Sum up of 2017

So because I’m super forgetful and generally have bad time management and along with my break from college mixing up my days here is mine and Toddy’s sum up of 2017 ready for starting 2018 right.

So the beginning of the year for me and toddy was slow as I had my AS levels. we were training hard and  getting in to shape after a winter of us both getting a little round, cause we had been working on our dressage. Our instructor Carol helped us gain control in the arena as well as tips and tricks for me to calm toddy down when he got a bit excited (bit of an understatement) we started competing at Catterick Garrison in dressage where I won both of my classes (yay) and procceded to get lower scores whilst out eventing all year (sub 40 all the way)!

We competed in a few show jumping competitions gaining 2nd at bishop burton where we returned to in April for a pony club talent pathway lesson which I learnt a lot. We also placed second with the team after a stressful intermediate show-jumping competition, but by far the highlights of my show-jumping this year was jumping at Bramham and Chatsworth which were big grass arenas and although our team didn’t place at Chatsworth we did place 3rd at Bramham which was so amazing!

We also evented this season and did a few to prepare for my worst nightmare of intermediate eventing again. With our dressage doing a lot better it meant that we were getting close and sometimes even in the placings so I was feeling a little more confident when the day came until I walked the cross country course (I think someone couldn’t measure) so after an okay dressage and a tough show-jumping we heard quiet a few hadn’t made it round and we set off to get round with a little difficulty but we made it to get team 4th!!

This was one of our best years including me passing my AS Level (pretty well I might add) so as next year is hopefully may last year at home before I go to uni, so fingers crossed it brings even more great times in 2018. So I hope 2018 brings you all good fortune and you all have a happy new year!


Nothing to Do with Horses – Sorry!!

Its not often you get the privilege of glimpsing a world that you know you couldn’t survive in. I don’t mean shows on our TV’s – Blue Planet, or Made in Chelsea, or any of the other reality shows that pass for entertainment in our ever more disposable world.

Last night was one of those opportunities so, with no apology, I have hijacked Millie’s blog to get my thoughts down “on paper”.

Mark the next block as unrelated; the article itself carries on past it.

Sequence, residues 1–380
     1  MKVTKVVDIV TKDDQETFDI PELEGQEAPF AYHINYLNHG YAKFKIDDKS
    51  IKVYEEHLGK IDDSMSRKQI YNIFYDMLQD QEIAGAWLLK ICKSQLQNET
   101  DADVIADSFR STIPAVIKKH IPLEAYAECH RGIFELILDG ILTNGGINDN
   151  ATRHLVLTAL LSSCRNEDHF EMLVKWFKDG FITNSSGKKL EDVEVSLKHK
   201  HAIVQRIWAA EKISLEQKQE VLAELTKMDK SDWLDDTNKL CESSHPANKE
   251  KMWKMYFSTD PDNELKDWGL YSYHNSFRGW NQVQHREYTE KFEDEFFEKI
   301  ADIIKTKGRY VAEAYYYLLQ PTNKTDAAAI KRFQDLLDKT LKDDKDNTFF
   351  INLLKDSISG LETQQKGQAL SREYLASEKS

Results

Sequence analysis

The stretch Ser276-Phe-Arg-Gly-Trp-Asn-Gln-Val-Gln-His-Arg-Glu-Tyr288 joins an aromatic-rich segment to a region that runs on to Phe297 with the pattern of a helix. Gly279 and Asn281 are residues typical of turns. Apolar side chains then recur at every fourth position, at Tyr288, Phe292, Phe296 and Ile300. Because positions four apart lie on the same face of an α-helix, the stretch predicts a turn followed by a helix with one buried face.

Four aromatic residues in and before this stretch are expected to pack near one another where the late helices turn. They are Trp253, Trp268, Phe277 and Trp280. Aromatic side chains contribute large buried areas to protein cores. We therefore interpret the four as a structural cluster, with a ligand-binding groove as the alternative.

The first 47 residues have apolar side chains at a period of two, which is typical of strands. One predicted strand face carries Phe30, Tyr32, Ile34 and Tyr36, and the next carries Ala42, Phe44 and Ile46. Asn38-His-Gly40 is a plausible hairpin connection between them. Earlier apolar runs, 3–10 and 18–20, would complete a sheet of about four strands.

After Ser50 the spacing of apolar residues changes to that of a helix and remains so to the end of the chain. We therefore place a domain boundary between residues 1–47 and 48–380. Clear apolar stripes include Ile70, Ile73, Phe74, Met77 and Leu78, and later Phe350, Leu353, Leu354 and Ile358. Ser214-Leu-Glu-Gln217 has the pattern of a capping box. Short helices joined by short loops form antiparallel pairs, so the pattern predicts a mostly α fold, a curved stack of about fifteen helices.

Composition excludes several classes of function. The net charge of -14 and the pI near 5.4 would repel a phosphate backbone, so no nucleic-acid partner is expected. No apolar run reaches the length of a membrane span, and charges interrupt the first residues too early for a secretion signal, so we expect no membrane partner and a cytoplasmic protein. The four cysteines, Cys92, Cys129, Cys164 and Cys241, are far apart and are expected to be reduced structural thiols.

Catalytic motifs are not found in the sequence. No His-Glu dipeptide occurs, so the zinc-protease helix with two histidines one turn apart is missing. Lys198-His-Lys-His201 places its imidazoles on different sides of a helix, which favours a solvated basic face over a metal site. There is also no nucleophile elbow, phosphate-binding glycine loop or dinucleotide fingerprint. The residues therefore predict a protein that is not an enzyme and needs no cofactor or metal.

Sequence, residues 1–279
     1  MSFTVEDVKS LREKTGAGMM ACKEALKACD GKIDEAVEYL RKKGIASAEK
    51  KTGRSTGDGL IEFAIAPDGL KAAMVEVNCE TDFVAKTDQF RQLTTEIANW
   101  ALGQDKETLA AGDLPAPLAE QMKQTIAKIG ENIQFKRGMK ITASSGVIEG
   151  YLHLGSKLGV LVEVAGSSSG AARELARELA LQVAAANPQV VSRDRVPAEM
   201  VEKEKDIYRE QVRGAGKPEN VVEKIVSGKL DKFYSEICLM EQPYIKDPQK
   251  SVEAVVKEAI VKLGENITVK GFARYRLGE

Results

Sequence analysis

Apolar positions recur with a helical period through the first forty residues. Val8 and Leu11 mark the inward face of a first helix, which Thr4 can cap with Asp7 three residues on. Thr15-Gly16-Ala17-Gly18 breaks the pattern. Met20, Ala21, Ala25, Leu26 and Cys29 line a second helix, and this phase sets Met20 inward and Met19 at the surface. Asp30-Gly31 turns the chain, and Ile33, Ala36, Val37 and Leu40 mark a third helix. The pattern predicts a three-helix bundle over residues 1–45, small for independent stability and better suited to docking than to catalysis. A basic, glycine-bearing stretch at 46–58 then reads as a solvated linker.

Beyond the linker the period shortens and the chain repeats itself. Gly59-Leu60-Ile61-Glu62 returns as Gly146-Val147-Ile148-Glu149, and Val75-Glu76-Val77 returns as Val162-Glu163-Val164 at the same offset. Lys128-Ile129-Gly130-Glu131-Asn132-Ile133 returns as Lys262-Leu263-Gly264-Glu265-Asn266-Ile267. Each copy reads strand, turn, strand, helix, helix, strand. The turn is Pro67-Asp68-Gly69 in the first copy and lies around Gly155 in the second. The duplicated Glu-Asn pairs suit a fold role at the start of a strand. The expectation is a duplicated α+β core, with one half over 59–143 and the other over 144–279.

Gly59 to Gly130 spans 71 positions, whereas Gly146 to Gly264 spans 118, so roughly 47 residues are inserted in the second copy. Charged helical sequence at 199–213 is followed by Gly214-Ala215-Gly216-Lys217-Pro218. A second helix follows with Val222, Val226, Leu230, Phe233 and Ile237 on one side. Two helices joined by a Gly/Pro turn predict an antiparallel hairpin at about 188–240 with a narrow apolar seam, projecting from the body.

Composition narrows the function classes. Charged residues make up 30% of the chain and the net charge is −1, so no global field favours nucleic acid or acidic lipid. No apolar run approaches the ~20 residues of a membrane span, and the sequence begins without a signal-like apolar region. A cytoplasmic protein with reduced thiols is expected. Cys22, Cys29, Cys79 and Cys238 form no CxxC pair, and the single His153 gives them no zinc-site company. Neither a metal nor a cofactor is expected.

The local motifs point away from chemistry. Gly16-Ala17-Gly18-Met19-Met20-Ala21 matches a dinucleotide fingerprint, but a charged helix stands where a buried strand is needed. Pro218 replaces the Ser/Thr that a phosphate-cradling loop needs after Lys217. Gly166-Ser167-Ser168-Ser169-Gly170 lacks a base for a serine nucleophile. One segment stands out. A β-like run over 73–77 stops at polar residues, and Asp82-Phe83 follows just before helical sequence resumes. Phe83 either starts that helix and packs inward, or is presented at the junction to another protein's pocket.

A few weeks ago Millie and I volunteered to help with the food service for the homeless at Spurriergate Centre and last night was my baptism of fire! I turned up, a little late of course as per my usual, expecting to be given rubber gloves and the kitchen sink as the newby, but the Team Leader had other ideas. Straight to waiting tables for me!

A local York Beaver Group were also helping for the evening and we were all paired up, the newby and the Beaver were given tables 11 to 15. Luckily for me my young Beaver had a great memory and 29 badges on his sleeve, the little lad worked his socks off all evening, collecting plates, giving out sandwiches and fruit, chatting to everyone and generally being a real joy.  If I am ever lucky enough to meet his parents I will tell them what a credit he is to them and I will tell them of the smiles he received in return for his unconditional Beavering around that evening. I asked him if he would get another badge for being there, he seemed a little confused at first, as if he hadn’t given it any thought, then he said, “yes I think so – the one with the hands on”.

I was lucky enough to meet some lovely people, I hope to share more stories when I have had time to process all I experienced. One young man stood out, he received the gift of a new sleeping bag, his previous one had “gone walk about” and he had been sleeping with nothing but a sheet for a few weeks. After eating he set off with his new bed and his guitar, who knows where he will lay the new sleeping bag, but I do know that he will be happier and warmer thanks to that generous gift from a stranger.

It was a rainy night, not just a little rain but really coming down in sheets. As I walked back to my nice warm car I passed many restaurants and couldn’t help but look inside, families, couples, groups of friends, all enjoying dinner in the warm, waited on by strangers, with the prospect of a cosy warm home at the end of their evening.

I didn’t envy them, I am often one of them, instead I compared their evening to the one I had shared. My strangers had enjoyed the dinner I had helped serve and gone on their way warmer and happier for it. Being “homeless” is not a life many, if any, of us choose, especially in such adverse weather, but they embrace the life, enjoy the moments that they can and are grateful for the small gifts those who care can give them.